At least eight out of every 10 doctors currently working in Nigeria are "personally considering work opportunities abroad," a new survey released in Abuja on Thursday has found.
The finding cuts across junior-, mid- and senior-level doctors, most of them with more than 10 years of practice, in both public and private hospitals, said the survey by NOIPolls in partnership with Nigeria Health Watch.
America and Britain are top destinations for doctors leaving Nigeria, worsening the brain drain that flushes Nigeria's finest trained to hospitals abroad.
Up to six in 10 Nigerian doctors are registered to write medical exams in either the UK or the US; the remaining four are registered for practice exams in Canada, Australia and Dubai.
Major reasons for doctors seeking work abroad is high taxes and deductions from their salary, low work satisfaction, and poor salaries and emoluments.
Respondents who participated also cited poor relationship among colleagues, inadequate opportunities for career progress, poor infrastructure, poor treatment by government and insecurity as reasons forcing doctors out of the country.
Nigeria has 72,000 doctors registered with the Medical and Dental Council of Nigeria, but only 35,000 practise in the country.
Hundreds trained in medical colleges outside Nigeria sit for MDCN's practice exam each year to enable them practise in Nigeria, but more than half of them failed the test this year.
"I think fewer people are coming in than are going out every year, so it doesn't balance out at all," said Dr Ifeanyi Nsofor, health communications advisor for Nigeria Health Watch which partnered on the survey.
"Based on the NARD figures that 2,500 are leaving by September this year, I'm not sure we have corresponding numbers coming, so it really doesn't balance out."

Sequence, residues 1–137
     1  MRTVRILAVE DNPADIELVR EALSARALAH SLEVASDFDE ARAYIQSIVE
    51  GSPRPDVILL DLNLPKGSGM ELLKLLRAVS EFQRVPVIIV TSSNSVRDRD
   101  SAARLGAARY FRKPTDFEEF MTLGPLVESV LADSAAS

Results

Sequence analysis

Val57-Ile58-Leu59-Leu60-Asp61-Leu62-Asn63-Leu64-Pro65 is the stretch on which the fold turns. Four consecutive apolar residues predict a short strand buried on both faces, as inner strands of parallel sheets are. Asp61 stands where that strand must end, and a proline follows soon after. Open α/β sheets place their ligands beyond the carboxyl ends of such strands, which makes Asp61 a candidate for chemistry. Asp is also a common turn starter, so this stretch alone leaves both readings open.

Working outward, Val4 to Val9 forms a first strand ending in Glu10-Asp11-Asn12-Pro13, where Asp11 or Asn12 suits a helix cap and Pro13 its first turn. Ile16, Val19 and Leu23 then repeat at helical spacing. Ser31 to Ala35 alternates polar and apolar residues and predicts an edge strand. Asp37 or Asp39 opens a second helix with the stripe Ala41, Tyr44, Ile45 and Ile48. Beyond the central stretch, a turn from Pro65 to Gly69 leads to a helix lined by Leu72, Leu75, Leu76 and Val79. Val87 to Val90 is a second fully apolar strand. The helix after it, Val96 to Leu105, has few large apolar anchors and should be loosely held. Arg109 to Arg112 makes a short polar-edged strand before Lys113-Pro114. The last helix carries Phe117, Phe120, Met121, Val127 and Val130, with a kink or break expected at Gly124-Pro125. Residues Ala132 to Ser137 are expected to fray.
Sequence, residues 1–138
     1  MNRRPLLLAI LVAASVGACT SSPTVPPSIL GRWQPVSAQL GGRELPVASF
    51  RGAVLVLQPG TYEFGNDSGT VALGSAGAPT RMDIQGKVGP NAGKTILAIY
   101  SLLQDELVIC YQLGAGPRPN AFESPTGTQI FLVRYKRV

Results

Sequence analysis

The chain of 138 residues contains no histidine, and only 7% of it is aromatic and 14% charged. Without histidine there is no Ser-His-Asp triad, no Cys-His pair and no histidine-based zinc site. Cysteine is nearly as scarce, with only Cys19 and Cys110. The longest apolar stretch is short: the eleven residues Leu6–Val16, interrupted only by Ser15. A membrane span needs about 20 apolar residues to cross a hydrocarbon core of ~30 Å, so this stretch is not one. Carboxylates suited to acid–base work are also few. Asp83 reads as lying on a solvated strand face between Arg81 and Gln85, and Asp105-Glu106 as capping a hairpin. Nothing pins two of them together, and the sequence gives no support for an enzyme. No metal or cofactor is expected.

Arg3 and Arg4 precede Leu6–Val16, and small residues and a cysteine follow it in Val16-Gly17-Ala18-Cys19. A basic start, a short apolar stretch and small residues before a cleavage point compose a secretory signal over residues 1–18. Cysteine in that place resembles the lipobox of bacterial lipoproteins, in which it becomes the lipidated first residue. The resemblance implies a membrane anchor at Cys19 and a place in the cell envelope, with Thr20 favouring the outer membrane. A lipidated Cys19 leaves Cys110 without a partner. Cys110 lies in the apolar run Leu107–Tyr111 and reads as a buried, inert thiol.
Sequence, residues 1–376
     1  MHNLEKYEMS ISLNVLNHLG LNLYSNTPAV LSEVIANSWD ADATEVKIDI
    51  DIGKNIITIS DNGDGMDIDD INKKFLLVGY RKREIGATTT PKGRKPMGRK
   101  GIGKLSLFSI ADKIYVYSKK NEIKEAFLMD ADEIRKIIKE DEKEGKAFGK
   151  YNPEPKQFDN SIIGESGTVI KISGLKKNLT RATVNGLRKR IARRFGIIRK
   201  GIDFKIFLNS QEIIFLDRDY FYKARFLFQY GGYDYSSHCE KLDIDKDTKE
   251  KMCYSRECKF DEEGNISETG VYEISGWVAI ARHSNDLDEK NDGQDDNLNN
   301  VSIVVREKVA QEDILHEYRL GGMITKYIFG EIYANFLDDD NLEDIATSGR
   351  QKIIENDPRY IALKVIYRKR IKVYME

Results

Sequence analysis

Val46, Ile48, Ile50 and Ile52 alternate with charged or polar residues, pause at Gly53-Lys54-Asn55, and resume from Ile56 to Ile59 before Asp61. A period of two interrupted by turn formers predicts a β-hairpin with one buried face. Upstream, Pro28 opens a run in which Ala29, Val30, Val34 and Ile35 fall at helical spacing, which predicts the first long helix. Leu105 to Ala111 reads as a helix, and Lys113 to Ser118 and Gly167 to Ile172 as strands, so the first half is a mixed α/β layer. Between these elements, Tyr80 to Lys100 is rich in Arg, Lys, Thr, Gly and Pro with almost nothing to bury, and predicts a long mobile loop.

The country needs 303,333 doctors to cater to its present population, and will require 10,605 new doctors each year to maintain coverage.
"Only at this level can we expect good quality care that is not compromised by errors occasioned by fatigued and overworked doctors," said Dr Bell Ihua, chief executive officer of NOIPolls.
Among the 2,500 going out are those yet to complete residency training and set to enter the medical workforce.
"Even the ones in training are just waiting for the day they finish to get out," said Dr Chiedozie Achonwa, a past president of NARD.
"Before now, if you leave, you are a sellout. Now if you stay, you are a sellout," said Abimbola Olajide, leader of NARD's northern caucus.
"With what's happening in the country, there no reason why you wouldn't want to leave."
The brain drain is costing Nigeria specialists as well: 73% of those seeking work abroad are doctors at senior level, with more than a decade of practice.
"We sent specialists for training abroad, now we are leaving them hanging," said Dr Akeem Lawal, chemical pathologist at National Hospital, Abuja.
Gbemisola Peter-Ayeni, a doctor working Open Health Nigeria, said the rigours of medical training and inadequate infrastructure during housemanship toughened Nigerian doctors and made them stronger but they stepped into a labour market that didn't offer commensurate reward for patriotism.
"Even if you are patriotic to the country, you have dependants-parents you need to send money home to. They sent you to school, and it isn't adding up," she said.
"Why would I stay back when my mates abroad were not even that good back in school? The rigours of training makes Nigerian doctors good.